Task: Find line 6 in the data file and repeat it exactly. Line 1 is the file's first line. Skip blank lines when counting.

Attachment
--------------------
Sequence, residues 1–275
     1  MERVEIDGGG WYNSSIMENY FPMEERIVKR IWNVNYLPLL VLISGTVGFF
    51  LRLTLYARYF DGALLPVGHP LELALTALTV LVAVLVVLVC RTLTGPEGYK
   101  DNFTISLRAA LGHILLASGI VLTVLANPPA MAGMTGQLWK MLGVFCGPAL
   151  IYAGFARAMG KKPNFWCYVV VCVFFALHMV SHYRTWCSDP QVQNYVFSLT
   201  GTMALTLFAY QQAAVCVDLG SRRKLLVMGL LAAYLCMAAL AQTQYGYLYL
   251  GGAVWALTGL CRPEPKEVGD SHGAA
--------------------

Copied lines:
   201  GTMALTLFAY QQAAVCVDLG SRRKLLVMGL LAAYLCMAAL AQTQYGYLYL